High NET surrogate markers correlated with low CX3CR1 expression of non-classical monocytes (Fig. 5) and culprit site CX3CR1 expression was strongly reduced compared to the femoral site (Fig. 4). Yet, high CX3CR1 expression by non-classical monocytes correlated with smaller infarct size (Fig. 5). The CX3CR1 receptor is discussed to enable effective non-classical monocyte trafficking and is critical for resolution of tissue inflammation and healing19. It was shown that repair after arterial injury is compromised in CX3CR1 knockout mice and can be rescued by application of wild type Ly6c-low monocytes39. Similar results were reported from a model of ischemic kidney reperfusion injury40. In contrast, it was shown that CX3CL1 neutralization in a murine myocardial infarction model resulted in improved survival41.
Soluble CX3CL1 (fractalkine), the major ligand of CX3CR1, was reported to be increased during STEMI42. We found decreased levels of CX3CL1 at the culprit site compared to femoral plasma. Hypoxia led to reduced CX3CL1 release of endothelial cells in vitro43. Of note, pulmonary endothelial cells responded differently44. Receptor internalization after ligand binding could be an alternative explanation for reduced CX3CR1 expression and CX3CL1 at the culprit site, however, our in vitro data do not support this hypothesis.
Interestingly, NETs also promote differentiation of monocytes into fibrocytes in vitro. In vivo, fibrocytes are increased at the culprit site, which appears to also favor adverse tissue remodeling31.
Taken together, these data suggest that extracellular chromatin could promote a differentiated monocyte response and lower CX3CR1 expression on monocytes at the culprit site. This possibly leads to decreased transmigration into the ischemic tissue of non-classical monocytes and impaired myocardial healing. Targeting NETs in acute coronary syndrome may be a promising therapeutic strategy.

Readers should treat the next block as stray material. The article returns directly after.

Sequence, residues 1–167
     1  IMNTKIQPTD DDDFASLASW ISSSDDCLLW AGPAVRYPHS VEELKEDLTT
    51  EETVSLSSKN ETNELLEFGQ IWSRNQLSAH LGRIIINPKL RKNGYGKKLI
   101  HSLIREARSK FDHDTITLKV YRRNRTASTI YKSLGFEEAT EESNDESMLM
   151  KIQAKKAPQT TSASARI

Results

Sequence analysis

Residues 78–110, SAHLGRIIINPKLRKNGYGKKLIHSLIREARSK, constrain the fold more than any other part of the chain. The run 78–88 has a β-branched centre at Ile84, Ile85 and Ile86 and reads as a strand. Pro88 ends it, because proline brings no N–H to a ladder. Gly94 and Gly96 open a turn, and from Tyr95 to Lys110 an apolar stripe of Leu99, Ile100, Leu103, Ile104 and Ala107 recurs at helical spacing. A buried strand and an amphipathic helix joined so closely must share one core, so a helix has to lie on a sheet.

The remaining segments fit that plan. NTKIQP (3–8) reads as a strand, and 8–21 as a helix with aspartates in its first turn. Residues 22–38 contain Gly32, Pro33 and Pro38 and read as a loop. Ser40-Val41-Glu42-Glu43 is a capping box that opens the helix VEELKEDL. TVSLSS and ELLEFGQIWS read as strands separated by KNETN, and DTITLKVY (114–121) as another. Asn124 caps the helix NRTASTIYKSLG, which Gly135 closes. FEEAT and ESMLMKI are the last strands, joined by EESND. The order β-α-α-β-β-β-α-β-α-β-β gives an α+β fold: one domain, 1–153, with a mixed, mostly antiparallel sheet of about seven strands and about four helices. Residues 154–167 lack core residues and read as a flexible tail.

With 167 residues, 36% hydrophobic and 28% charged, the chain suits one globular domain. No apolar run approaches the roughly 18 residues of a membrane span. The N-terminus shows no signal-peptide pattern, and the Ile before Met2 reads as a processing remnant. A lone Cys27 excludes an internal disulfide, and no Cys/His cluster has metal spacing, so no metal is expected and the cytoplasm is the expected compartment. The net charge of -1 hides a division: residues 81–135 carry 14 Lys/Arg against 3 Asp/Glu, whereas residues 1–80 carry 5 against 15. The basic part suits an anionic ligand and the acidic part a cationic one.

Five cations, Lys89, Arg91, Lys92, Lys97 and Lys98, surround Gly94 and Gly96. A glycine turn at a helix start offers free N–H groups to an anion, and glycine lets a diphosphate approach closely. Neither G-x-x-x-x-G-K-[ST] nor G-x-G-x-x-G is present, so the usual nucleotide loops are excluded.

With the present study, we provide information on monocyte subsets in MI. However, sampling from the culprit and femoral site of STEMI patients only yields a snapshot of ongoing processes. In this human system, causality cannot be established and our findings remain observational. The effect size of presented data from the femoral and culprit site is small, however paired comparisons are from the same circulatory system, therefore also small differences might be very meaningful.
All data and protocols can be promptly made available.
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This study was supported by the Medical University of Vienna and by the Austrian Science Fund [SFB-54]. We sincerely thank our team of the cardiac catheterization laboratory and the staff of the emergency department, General Hospital of Vienna. We thank Oliver Soehnlein’s group for methodological support.
The authors declare no competing interests.
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Mangold, A., Hofbauer, T.M., Ondracek, A.S. et al. Neutrophil extracellular traps and monocyte subsets at the culprit lesion site of myocardial infarction patients. Sci Rep 9, 16304 (2019) doi:10.1038/s41598-019-52671-y